Garden Warblers tuck their heads into their feathers if they are unfit, scientists discover

  • Researchers analysed the sleeping patterns of migratory Garden Warblers 
  • Thermal imaging footage revealed birds low on fat reserves nestle their heads
  • Birds in better shape sleep with their heads facing forward and untucked
  • That means they are more alert as a result and can listen out for predators

Curling up for a good night's sleep when you are feeling under the weather may be just the antidote but some birds risk their lives by snuggling up to conserve energy.

Garden warbler

Garden Warbler by Biillyboy - Wikicommons

Leonida Fusani of the University of Vienna and University of Veterinary Medicine, Austria, who was involved in the research, said: 'We discovered that migratory birds trade off safety for lower energy expenditure.

'If they sleep with their head tucked in the scapular feathers, they enter a sort of deeper sleep that is associated with lower energy consumption but exposes them to higher predation risk.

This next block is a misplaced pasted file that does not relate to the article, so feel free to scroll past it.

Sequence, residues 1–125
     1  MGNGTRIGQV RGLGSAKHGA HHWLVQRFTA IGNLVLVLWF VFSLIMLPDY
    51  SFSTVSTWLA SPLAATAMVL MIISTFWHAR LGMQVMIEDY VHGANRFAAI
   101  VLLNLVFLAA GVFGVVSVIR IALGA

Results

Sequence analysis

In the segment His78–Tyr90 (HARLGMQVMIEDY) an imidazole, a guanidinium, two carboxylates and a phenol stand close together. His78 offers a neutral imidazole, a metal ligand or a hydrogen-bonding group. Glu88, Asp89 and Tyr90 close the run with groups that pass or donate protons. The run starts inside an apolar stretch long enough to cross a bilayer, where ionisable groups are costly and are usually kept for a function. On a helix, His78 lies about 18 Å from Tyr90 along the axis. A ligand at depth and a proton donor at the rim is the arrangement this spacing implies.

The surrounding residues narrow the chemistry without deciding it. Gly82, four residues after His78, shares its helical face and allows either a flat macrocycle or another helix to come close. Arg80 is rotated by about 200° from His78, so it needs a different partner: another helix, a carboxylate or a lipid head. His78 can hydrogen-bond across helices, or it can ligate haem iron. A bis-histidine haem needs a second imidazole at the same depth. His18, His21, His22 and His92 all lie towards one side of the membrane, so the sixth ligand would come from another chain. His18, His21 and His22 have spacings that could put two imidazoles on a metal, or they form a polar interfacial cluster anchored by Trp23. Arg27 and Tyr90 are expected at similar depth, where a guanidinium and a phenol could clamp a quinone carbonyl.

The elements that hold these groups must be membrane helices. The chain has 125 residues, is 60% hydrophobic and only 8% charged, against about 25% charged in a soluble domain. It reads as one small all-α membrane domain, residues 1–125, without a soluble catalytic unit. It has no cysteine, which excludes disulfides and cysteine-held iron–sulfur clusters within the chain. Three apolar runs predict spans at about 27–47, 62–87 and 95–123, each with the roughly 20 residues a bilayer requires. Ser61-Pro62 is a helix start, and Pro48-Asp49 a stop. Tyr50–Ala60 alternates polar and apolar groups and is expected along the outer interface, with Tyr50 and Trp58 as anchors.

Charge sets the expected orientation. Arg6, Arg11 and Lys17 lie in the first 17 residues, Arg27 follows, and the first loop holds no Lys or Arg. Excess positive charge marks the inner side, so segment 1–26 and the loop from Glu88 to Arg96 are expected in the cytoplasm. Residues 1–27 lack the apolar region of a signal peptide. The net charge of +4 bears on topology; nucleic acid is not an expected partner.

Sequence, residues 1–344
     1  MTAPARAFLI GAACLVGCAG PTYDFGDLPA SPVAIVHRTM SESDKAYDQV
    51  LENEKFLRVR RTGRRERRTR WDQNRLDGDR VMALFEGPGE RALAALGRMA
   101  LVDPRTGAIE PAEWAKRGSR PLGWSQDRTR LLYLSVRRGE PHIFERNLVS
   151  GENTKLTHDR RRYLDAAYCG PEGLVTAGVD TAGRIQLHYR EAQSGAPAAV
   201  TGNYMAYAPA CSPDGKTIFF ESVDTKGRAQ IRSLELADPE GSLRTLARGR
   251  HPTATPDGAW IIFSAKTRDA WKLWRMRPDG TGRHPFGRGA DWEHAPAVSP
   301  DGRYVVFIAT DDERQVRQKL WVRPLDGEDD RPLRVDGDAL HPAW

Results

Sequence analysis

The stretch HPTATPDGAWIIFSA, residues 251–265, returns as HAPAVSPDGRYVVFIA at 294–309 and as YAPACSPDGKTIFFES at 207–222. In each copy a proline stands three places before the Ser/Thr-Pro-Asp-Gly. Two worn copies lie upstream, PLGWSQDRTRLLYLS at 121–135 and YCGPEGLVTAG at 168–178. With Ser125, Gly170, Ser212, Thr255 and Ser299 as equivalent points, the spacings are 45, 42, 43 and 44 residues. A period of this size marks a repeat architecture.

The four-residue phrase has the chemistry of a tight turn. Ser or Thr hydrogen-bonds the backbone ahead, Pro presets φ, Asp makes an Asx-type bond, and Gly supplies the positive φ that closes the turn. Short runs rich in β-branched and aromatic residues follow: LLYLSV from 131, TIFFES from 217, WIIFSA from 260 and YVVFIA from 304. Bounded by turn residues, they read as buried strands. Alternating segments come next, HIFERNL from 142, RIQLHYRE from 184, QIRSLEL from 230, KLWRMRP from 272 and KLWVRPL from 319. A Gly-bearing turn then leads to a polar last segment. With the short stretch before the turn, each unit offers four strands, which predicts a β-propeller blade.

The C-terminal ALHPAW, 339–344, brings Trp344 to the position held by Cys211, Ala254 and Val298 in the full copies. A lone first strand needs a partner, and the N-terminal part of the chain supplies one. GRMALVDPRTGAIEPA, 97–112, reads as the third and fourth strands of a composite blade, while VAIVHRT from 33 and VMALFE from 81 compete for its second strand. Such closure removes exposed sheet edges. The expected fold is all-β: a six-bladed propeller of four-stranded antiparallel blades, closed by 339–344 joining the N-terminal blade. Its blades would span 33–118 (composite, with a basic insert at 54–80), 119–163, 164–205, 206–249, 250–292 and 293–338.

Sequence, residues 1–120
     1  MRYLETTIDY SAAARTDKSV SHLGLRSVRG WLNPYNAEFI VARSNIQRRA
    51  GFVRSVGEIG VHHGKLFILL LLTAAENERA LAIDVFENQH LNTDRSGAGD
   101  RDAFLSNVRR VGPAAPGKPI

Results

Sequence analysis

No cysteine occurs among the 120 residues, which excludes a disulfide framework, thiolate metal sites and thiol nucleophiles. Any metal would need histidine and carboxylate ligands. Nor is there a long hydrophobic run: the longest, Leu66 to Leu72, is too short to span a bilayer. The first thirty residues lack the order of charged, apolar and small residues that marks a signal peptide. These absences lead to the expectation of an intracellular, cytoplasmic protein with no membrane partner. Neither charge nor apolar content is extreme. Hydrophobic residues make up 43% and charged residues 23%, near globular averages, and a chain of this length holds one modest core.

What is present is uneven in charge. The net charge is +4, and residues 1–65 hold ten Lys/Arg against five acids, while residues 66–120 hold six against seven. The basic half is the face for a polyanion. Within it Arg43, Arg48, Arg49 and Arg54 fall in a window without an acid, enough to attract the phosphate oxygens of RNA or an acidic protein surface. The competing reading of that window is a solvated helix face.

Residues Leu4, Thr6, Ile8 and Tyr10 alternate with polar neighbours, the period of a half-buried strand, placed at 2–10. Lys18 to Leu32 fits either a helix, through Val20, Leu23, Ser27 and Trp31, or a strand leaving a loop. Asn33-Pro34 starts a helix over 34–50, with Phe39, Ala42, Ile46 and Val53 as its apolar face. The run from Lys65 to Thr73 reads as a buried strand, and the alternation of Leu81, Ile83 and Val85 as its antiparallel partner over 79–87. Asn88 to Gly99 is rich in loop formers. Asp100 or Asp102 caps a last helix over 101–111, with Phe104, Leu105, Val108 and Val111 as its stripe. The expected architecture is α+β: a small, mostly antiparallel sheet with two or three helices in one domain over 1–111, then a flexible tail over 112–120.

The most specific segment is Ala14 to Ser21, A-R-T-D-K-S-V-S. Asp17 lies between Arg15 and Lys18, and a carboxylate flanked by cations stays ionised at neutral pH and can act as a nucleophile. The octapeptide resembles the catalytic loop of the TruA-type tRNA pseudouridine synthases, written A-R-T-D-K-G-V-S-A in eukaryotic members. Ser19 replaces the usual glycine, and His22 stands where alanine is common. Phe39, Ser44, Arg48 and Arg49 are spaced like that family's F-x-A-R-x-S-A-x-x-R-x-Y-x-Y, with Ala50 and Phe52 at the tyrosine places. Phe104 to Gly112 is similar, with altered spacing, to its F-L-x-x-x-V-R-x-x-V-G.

'Consequently, birds in good condition sacrifice some energy to sleep more safely with the head untucked, whereas birds in poor condition sacrifice vigilance to save energy while sleeping unsafely tucked in.' 

Researchers analysed the sleeping patterns of Garden Warblers at a stopover site in the Mediterranean.

They wanted to look at how small migratory songbirds cope with sleep deprivation.

They found that at night, Garden Warblers in a poor metabolic state slept more and exhibited less migratory restlessness than birds in good condition.

Co-author Professor Andrea Ferretti, said: 'Although there was good reason to think that birds reduce heat loss by tucking their heads in their feathers, we were surprised to see that they actually reduce their alertness when sleeping in this position.'

You can read the full article here.


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